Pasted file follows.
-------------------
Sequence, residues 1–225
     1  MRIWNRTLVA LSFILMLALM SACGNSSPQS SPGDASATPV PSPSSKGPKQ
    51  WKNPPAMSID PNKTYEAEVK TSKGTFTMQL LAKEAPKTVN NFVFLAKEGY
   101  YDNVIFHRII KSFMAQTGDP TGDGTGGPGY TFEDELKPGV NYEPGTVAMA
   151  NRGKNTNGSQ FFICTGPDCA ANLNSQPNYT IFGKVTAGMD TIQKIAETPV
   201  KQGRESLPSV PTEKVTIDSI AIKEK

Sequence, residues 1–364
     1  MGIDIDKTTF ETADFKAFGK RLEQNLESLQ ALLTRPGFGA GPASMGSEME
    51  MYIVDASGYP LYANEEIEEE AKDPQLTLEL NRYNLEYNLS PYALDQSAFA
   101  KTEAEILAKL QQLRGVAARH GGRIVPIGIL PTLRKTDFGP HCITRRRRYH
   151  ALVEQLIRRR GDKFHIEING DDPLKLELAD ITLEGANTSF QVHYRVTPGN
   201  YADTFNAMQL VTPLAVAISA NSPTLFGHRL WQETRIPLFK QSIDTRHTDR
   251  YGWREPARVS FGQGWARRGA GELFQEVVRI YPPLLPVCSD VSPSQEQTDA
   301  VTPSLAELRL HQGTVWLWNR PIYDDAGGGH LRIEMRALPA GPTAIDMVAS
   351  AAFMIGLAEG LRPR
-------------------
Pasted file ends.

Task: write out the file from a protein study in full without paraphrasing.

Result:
Sequence, residues 1–225
     1  MRIWNRTLVA LSFILMLALM SACGNSSPQS SPGDASATPV PSPSSKGPKQ
    51  WKNPPAMSID PNKTYEAEVK TSKGTFTMQL LAKEAPKTVN NFVFLAKEGY
   101  YDNVIFHRII KSFMAQTGDP TGDGTGGPGY TFEDELKPGV NYEPGTVAMA
   151  NRGKNTNGSQ FFICTGPDCA ANLNSQPNYT IFGKVTAGMD TIQKIAETPV
   201  KQGRESLPSV PTEKVTIDSI AIKEK

Sequence, residues 1–364
     1  MGIDIDKTTF ETADFKAFGK RLEQNLESLQ ALLTRPGFGA GPASMGSEME
    51  MYIVDASGYP LYANEEIEEE AKDPQLTLEL NRYNLEYNLS PYALDQSAFA
   101  KTEAEILAKL QQLRGVAARH GGRIVPIGIL PTLRKTDFGP HCITRRRRYH
   151  ALVEQLIRRR GDKFHIEING DDPLKLELAD ITLEGANTSF QVHYRVTPGN
   201  YADTFNAMQL VTPLAVAISA NSPTLFGHRL WQETRIPLFK QSIDTRHTDR
   251  YGWREPARVS FGQGWARRGA GELFQEVVRI YPPLLPVCSD VSPSQEQTDA
   301  VTPSLAELRL HQGTVWLWNR PIYDDAGGGH LRIEMRALPA GPTAIDMVAS
   351  AAFMIGLAEG LRPR